Few people here on MSDN Wpf Forum and on Stackoverflow Forum have recently asked how to have an optional ResourceDictionary.

ResourceDictionaries are pretty easy there is nothing special about them, right? You have your colors or styles inside them and that is it? That is what I thought in first place but how to have a ResourceDictionary that is only available at design time?

Nevertheless in the end I came up with a pretty nice trick which I would like to publish to you guys.

The problem was how to optionally use ResourceDictionaries? Whaaat?

What I mean by that is what if we want one theme to be used over another when we are in design time?  It's like how to have a ResourceDictionary with an on off switch?

Is it even possible to define a ResourceDictionary that will be used only by Designer in Visual Studio to display a certain theme or certain colors?

How about having specific resources like images or even styles enabled just for Designer in Visual Studio?

The answer to all the questions above is inside this small little tricky trick.

Here is the code:

public class DesignTimeResourceDictionary : ResourceDictionary
{
    /// <summary>
    /// Local field storing info about designtime source.
    /// </summary>
    private string designTimeSource;
 
    /// <summary>
    /// Gets or sets the design time source.
    /// </summary>
    /// <value>
    /// The design time source.
    /// </value>
    public string DesignTimeSource
    {
        get
        {
            return this.designTimeSource;
        }
 
        set
        {
            this.designTimeSource = value;
            if ((bool)DesignerProperties.IsInDesignModeProperty.GetMetadata(typeof(DependencyObject)).DefaultValue)
            {
                base.Source = new Uri(designTimeSource);
            }
        }
    }
 
    /// <summary>
    /// Gets or sets the uniform resource identifier (URI) to load resources from.
    /// </summary>
    /// <returns>The source location of an external resource dictionary. </returns>
    public new Uri Source
    {
        get
        {
            throw new Exception("Use DesignTimeSource instead Source!");
        }
 
        set
        {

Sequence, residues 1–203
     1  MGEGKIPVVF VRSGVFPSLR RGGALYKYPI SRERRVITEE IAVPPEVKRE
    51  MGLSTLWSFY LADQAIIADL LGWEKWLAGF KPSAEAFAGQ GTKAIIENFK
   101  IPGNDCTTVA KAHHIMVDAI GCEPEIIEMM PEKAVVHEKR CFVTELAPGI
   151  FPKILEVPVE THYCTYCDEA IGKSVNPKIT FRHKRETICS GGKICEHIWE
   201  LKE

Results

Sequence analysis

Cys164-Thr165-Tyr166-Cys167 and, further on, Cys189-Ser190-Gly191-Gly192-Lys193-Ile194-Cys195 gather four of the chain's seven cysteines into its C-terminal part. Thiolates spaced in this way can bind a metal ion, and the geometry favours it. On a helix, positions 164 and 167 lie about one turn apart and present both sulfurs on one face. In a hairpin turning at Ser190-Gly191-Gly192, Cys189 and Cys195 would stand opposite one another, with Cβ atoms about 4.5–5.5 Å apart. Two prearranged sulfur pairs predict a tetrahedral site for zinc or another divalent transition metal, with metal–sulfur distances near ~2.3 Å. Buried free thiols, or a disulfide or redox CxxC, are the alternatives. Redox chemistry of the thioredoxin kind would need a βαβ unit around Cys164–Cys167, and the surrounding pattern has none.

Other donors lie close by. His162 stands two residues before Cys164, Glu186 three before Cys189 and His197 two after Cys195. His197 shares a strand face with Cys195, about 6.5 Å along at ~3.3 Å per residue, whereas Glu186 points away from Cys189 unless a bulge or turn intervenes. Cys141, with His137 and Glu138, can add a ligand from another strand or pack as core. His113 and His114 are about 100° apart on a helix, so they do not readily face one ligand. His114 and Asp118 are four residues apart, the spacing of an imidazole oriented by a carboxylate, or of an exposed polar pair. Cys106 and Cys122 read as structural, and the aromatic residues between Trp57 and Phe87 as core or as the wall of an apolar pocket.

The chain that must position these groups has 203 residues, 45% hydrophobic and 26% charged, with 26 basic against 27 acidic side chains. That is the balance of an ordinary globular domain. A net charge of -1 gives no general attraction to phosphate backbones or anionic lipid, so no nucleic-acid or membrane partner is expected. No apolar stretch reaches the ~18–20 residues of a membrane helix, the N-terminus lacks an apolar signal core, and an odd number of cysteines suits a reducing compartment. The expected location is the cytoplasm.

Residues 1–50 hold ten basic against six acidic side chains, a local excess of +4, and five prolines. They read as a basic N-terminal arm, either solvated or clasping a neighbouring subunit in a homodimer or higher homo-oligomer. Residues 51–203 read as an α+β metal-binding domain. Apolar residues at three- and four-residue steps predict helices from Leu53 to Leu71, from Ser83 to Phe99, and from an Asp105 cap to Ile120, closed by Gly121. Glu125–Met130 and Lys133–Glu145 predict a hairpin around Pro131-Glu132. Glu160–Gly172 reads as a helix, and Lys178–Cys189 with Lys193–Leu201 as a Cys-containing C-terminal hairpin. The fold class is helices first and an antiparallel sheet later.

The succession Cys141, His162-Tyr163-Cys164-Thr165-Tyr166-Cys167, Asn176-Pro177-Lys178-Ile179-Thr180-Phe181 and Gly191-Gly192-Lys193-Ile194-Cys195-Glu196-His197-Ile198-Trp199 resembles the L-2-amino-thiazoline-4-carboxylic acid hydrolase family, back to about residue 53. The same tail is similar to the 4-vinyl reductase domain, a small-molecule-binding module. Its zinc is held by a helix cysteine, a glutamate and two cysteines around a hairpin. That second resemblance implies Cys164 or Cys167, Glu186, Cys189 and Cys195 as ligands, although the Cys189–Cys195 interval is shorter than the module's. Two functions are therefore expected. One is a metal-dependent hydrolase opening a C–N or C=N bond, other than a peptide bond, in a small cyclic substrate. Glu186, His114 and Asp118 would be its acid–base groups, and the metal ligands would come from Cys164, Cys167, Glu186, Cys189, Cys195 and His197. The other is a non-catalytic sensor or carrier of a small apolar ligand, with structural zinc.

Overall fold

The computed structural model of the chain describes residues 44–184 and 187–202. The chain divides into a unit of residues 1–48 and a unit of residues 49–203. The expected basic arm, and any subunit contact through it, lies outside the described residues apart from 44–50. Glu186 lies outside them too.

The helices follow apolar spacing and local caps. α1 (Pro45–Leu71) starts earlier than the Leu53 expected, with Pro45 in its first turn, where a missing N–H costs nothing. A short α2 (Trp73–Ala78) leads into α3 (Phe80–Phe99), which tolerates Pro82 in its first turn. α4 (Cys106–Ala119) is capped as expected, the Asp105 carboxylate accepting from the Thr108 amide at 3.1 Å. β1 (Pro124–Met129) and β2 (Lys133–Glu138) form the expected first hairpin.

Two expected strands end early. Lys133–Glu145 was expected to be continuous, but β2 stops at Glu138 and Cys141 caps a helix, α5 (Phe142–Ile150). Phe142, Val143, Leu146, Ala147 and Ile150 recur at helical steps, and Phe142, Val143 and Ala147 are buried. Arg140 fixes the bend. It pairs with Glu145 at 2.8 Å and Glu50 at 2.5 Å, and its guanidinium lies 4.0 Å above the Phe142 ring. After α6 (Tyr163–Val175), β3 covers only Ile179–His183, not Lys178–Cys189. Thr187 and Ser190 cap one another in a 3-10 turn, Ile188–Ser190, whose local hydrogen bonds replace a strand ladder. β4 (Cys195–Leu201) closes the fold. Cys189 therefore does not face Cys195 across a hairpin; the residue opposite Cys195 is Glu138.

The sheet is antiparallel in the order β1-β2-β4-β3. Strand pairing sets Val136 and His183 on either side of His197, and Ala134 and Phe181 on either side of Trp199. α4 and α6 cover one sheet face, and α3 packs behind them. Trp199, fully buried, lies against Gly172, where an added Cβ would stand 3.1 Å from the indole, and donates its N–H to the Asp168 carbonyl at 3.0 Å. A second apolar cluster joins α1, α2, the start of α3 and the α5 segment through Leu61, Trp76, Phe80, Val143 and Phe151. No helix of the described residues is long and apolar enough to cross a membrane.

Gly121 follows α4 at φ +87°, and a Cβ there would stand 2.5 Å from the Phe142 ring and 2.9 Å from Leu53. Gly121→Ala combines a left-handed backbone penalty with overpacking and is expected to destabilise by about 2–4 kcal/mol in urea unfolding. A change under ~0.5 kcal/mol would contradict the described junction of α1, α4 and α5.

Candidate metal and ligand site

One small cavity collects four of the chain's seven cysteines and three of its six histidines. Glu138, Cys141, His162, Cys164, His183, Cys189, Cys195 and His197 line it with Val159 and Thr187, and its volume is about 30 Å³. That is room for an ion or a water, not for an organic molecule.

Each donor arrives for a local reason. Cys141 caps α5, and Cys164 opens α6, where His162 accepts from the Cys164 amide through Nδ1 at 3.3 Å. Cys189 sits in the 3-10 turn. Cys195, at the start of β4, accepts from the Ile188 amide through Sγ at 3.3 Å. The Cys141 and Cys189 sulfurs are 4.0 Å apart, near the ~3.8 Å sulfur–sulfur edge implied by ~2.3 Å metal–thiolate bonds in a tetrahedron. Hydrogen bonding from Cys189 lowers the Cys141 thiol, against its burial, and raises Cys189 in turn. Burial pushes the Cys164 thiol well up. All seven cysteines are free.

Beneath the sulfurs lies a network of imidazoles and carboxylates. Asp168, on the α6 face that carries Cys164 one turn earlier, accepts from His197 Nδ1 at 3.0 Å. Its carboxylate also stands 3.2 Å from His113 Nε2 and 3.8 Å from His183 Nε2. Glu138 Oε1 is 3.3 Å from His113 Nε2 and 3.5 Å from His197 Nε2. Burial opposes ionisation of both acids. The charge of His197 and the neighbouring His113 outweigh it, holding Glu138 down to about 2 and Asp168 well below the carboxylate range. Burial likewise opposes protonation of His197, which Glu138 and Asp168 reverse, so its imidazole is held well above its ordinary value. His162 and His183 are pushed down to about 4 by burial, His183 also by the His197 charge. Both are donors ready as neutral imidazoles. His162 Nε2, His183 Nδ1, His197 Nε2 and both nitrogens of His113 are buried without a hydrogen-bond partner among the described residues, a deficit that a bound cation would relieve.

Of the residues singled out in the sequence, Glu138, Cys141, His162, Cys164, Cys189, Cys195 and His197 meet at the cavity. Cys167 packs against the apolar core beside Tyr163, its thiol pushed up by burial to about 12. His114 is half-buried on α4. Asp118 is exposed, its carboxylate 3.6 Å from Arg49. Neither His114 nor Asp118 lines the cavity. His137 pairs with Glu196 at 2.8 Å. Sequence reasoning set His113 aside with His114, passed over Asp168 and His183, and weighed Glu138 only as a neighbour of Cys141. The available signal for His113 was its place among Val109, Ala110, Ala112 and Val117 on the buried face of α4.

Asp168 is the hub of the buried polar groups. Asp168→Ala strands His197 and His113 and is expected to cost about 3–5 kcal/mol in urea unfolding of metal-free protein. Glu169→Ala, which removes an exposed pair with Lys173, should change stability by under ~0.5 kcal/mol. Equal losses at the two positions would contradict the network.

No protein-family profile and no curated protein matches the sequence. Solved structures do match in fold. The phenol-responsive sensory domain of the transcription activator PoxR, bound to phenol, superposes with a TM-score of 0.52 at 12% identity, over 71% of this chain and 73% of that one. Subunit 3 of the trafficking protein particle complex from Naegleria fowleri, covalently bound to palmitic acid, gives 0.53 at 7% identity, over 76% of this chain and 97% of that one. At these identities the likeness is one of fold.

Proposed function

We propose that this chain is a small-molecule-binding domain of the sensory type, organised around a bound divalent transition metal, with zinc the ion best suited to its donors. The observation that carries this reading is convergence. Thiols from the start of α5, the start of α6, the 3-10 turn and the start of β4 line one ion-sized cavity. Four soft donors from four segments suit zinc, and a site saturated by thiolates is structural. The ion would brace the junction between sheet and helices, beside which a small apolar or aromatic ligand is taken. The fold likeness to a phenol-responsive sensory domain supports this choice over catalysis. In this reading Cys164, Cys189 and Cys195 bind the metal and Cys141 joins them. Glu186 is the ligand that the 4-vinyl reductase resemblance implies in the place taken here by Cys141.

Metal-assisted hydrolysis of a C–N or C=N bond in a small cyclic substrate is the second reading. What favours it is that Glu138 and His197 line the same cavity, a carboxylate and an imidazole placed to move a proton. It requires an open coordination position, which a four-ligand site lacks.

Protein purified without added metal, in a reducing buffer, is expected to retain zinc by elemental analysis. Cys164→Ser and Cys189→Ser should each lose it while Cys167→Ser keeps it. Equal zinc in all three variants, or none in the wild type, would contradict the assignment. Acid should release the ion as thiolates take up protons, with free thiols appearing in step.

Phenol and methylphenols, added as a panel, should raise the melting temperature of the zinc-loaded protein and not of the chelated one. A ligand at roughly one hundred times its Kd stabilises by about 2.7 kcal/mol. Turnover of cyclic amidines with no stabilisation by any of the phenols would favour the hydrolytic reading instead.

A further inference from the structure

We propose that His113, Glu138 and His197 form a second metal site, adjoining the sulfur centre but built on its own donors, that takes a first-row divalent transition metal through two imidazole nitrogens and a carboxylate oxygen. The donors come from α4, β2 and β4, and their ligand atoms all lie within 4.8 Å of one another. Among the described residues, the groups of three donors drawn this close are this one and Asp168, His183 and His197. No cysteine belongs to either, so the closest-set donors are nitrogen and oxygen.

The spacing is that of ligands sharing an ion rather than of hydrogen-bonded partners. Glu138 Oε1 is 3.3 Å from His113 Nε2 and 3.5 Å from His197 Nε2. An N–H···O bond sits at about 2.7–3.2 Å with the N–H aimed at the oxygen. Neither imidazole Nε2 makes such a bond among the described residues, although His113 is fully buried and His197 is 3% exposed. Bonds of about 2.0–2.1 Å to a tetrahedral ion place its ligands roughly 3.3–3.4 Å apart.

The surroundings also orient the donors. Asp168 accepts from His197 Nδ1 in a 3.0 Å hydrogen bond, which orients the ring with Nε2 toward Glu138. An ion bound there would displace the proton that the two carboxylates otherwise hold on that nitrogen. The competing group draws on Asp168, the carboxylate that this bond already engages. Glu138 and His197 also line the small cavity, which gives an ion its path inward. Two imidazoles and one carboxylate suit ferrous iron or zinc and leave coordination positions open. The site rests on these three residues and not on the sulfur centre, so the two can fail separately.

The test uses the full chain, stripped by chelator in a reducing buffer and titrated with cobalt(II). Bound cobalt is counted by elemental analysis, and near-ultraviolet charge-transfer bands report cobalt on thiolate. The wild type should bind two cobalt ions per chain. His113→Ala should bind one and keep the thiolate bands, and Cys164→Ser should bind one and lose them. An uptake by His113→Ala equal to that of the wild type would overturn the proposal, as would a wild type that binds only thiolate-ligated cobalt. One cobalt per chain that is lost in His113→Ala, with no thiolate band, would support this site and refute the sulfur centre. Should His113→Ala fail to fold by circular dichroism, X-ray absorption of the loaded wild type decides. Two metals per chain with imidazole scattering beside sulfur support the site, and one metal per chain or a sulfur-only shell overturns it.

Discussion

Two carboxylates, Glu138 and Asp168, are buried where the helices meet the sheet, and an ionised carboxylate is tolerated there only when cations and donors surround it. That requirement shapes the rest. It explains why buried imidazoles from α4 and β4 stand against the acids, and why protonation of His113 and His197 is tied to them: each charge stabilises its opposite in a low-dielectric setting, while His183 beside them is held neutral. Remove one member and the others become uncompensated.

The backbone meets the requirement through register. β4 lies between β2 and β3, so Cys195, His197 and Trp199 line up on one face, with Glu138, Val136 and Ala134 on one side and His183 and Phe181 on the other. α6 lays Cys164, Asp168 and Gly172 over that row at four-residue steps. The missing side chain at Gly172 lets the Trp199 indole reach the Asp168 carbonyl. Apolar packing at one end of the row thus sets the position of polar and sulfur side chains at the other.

throw new Exception("Use DesignTimeSource instead Source!");
        }
    }
}

Here is how you guys should use it:

<Window x:Class="WpfApplication1.MainWindow"
        Title="MainWindow" Height="350" Width="525"
        xmlns:local="clr-namespace:WpfApplication1">
   
  <Window.Resources>
    <local:DesignTimeResourceDictionary DesignTimeSource="pack://application:,,,/BlueColors.xaml"/>
  </Window.Resources>
   
    <Grid>
      <Button Background="{DynamicResource defaultBackground}"
          HorizontalAlignment="Center" VerticalAlignment="Center">click me</Button>
    </Grid>
</Window>

Just like a pretty normal ResourceDictionary but instead of Source property you set the DesignTimeSource property. That would be it?

When you open Designer you will see your specific colors being applied but when you run your project none of changes will be displayed.

Sometimes when you working in a MDA enviroment you do not have Designer available since the style comes at runtime from shell. You often end up in running application just to see if you positioned the button right. However now with this approach you will be able to use Designer as well.

To read more about IsInDesignMode property check the msdn link:

http://msdn.microsoft.com/en-us/library/system.componentmodel.designerproperties.isindesignmodeproperty(v=vs.110).aspx

This is also a pretty cool tut about IsInDesignMode property:

http://www.identitymine.com/forward/2009/09/detecting-design-time-mode-in-wpf-and-silverlight/